Has any player summed up the brilliance and influence of Knights coach Wayne Bennett better than Adam Cuthbertson? Three years ago the ball-playing prop or second-rower was deemed by almost all football experts as washed up – a player judged too fat, too lazy and seemingly unwelcome on most NRL rosters. That was until Cuthbertson met then-Dragons coach Bennett.
"I more or less had to reinvent myself when I moved to St George Illawarra," Cuthbertson, preparing with his Newcastle teammates to meet the Dragons on Sunday, tells NRL.com.
"I was pretty badly overweight, I had a few niggling injuries here and there that weren't helping the situation and I just went over there as a blank canvas and started from scratch really, prepared to learn from the best coach in the game. It started by losing all my weight."
In 2010, Cuthbertson's rollercoaster rugby league ride reached its lowest point. Signed by Cronulla coach Ricky Stuart on a big-money deal, the former Sea Eagle never truly found his feet in the Shire and, ultimately, was sent to play for the Como Crocodiles and later released. That fateful season had the Avalon Bulldogs junior reconsidering his career choice – and by the end of the year, after a trip to the United States, tossing up the idea of returning to play rugby union.
"I actually find it funny now," Cuthbertson says of his ill-fated one-year stint at the Sharks, which he now calls "a blessing".
"I laugh about it. I made a lot of good mates at Cronulla so in hindsight it wasn't too bad – I just had a rough year on the paddock. It wasn't looking great for me that year – I played a bit of A-grade – and I wasn't too keen on football."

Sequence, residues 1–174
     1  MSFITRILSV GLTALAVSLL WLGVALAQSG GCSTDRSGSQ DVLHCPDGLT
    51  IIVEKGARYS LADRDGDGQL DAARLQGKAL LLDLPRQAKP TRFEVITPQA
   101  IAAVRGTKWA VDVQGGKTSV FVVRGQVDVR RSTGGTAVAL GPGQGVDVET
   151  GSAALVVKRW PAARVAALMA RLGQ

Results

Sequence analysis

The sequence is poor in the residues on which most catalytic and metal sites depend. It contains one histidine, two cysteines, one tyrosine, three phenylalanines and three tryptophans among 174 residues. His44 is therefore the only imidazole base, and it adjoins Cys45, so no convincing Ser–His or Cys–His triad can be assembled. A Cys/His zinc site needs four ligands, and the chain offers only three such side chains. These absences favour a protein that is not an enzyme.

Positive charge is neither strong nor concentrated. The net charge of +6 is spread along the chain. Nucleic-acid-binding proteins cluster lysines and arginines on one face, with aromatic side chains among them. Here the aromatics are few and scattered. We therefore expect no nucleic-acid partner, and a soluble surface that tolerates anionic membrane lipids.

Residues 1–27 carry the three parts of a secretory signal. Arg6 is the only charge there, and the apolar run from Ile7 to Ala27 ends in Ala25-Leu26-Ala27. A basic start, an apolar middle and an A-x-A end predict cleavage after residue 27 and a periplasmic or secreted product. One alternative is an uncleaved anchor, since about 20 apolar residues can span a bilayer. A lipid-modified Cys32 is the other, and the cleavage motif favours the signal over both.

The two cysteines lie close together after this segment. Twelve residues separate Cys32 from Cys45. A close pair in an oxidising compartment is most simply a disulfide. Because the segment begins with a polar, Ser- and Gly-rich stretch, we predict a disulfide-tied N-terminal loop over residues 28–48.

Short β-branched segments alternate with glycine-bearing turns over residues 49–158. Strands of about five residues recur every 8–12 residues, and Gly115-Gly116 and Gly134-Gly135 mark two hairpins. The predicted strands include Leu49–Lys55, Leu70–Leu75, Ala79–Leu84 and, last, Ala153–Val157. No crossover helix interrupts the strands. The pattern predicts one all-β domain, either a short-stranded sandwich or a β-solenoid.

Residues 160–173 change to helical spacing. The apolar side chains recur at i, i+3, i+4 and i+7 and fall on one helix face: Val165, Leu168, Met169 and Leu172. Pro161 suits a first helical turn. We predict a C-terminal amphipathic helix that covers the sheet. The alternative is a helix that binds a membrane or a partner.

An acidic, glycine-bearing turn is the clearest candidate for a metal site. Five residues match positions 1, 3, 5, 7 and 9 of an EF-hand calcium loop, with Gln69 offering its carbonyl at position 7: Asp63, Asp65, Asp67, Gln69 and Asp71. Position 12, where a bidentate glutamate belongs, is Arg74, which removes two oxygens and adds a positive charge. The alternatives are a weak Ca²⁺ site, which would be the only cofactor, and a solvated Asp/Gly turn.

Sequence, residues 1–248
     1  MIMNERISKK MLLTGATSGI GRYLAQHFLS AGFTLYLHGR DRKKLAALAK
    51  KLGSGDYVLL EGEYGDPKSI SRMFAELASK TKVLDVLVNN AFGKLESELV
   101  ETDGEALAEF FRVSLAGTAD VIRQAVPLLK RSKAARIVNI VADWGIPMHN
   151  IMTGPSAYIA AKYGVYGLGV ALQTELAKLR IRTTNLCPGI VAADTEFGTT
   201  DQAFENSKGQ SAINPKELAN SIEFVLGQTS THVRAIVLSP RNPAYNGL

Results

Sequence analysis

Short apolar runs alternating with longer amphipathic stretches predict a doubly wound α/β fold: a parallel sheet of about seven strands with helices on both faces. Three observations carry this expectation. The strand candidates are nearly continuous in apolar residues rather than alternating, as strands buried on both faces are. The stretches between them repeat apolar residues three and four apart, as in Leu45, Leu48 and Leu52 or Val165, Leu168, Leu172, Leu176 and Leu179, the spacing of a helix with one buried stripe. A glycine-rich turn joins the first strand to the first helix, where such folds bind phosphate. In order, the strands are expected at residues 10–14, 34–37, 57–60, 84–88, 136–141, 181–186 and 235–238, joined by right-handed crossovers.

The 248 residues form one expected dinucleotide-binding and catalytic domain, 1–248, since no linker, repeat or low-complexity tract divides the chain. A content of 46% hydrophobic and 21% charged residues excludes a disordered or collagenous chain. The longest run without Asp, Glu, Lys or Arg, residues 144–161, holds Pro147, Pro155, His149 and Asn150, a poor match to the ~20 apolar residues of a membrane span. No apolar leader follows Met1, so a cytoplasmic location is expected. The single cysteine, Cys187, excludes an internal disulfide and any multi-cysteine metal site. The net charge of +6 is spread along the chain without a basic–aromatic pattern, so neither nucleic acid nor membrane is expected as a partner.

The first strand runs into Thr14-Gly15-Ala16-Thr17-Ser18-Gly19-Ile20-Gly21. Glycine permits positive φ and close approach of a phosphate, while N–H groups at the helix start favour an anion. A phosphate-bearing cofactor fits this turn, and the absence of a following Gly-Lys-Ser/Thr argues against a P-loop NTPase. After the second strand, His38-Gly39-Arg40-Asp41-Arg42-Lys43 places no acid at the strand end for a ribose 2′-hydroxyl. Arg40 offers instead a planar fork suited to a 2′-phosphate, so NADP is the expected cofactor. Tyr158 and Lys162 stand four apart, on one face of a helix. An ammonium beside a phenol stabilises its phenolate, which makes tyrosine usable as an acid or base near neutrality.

A month-and-a-half break – when his NRL career was hanging by a thread – proved the catalyst for rediscovering his passion.
"I went away for quite a bit and forgot about [the dramas at Cronulla]," Cuthbertson says.
"It was good. I came back really refreshed. I went to the US, and I'm a lover of all sports, basketball and football and that. I went over there and just switched off. You don't hear anything going on in Australia. It's funny what a little break can do – it can really reignite your passion."
On Cuthbertson's return, he weighed up his limited options.
"Things definitely didn't look great," Cuthbertson admits. "There weren't really too many options on the table and I know for one thing Cronulla didn't want me. That was definitely not a choice. It was an avenue of thought that I'd go back and play rugby – I grew up playing rugby as a junior coming through… I didn't really know what I was going to do.
"It was really important when I came back to find a coach who was willing to help me and I guess I was really lucky to find Wayne... I was lucky enough to get a call [from Bennett] and he wanted to work out something with me and it definitely helped me out."
Cuthbertson and Bennett came to an agreement for the 2011 season – and it's proven a perfect partnership. Bennett's staff at the Dragons got Cuthbertson's troublesome diet under control, and the famed mentor's discipline ensured his newest recruit continued to be held accountable.
"With me it was more or less learning about foods in general," Cuthbertson, now 107 kilograms, says of controlling his weight.